Lesson Links: Identifying Themes in Personal Narratives CA Content Standards: 8th Grade E/LA RS 3.5, W2.2; H/SS 2.0, 3.0
  Through Their Words CA Content Standards: 9th-12th H/SS Analytical Skills 1-3; Curriculum Standard 11.7.5
  Taking a Stand

CA Content Standards: 6th Grade E/LA Writing: 2.2; E/LAfor Listening and Speaking: 1.0

Dorrie Kobayashi

Dorrie Kobayashi shares stores of her father's role during World War II as a leader in both the JACL and the community, along with his efforts to be allowed to join the U.S. Military.

Flora Ida Ortiz
 

Flora Ida Ortiz provides memories as "an outsider" and recounts her life-long friendship with internee pen pal Reiko Naguma.

Frank Kageta

Frank Kageta was born in Florin, California on February, 15, 1920, the second of four children. Frank grew up working in the olive orchard his father operated.  Frank graduated from San Juan High School in 1937.   The family moved to Loomis, California, two years before Pearl Harbor.   In March of 1942, the family was evacuated to the Arboga Assembly Center near Marysville and then to Tule Lake.  Eventually Frank's parents were  moved to the Heart Mountain internment camp in Wyoming.  Frank joined  the military and served in the 442nd Regimental Combat team that served with distinction in World War II Europe. Returning to Loomis in 1947,  Frank and his family resumed fruit farming on newly purchased acreage.

Lesson Links: Identifying Themes in Personal Narratives CA Content Standards: 8th Grade E/LA RS 3.5, W2.2; H/SS 2.0, 3.0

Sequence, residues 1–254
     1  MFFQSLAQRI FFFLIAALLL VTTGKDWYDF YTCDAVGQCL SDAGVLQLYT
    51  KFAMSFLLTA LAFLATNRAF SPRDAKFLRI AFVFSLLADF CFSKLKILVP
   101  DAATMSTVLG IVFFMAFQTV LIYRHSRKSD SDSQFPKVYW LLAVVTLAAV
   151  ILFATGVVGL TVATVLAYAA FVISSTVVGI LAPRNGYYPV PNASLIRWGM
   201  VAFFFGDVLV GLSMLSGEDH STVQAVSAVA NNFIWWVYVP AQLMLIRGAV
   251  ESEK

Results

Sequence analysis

TOR World History Lesson Plan CA Content Standards: 10th Grade H/SS 10.8, 10.8.6
  A Question of Loyalty CA Content Standards: 9th-12th H/SS Analytical Skills 1-3; Curriculum Standard 11.7.5
  Taking a Stand CA Content Standards: 6th Grade E/LA Writing: 2.2; E/LAfor Listening and Speaking: 1.0
Gary Shiota
Photo

Gary Shiota was born in Huntington Beach, California, on January 26, 1926. Gary was the third of six children. When his father passed away in 1931, the family returned to Japan for help. His mother later returned to Lodi, California, with Gary and his older brother. The three younger siblings were adopted by relatives. Gary attended Lodi High School. In 1942 the family was evacuated to the Stockton Assembly Center and sent to Rohwer, Arkansas. In 1945, Gary was drafted and served with the Occupation Forces in Germany. He re-enlisted as military intelligence interpreter and served with the Occupation Forces in Japan until 1949. Following the war years, Gary went on to study international trade. He became involved in educating the public about the nisei veterans after meeting Kiyo Sato and Jim Tanaka.

Lesson Links: Identifying Themes in Personal Narratives CA Content Standards: 8th Grade E/LA RS 3.5, W2.2; H/SS 2.0, 3.0
  A Question of Loyalty CA Content Standards: 9th-12th H/SS Analytical Skills 1-3; Curriculum Standard 11.7.5
  Taking a Stand

CA Content Standards: 6th Grade E/LA Writing: 2.2; E/LAfor Listening and Speaking: 1.0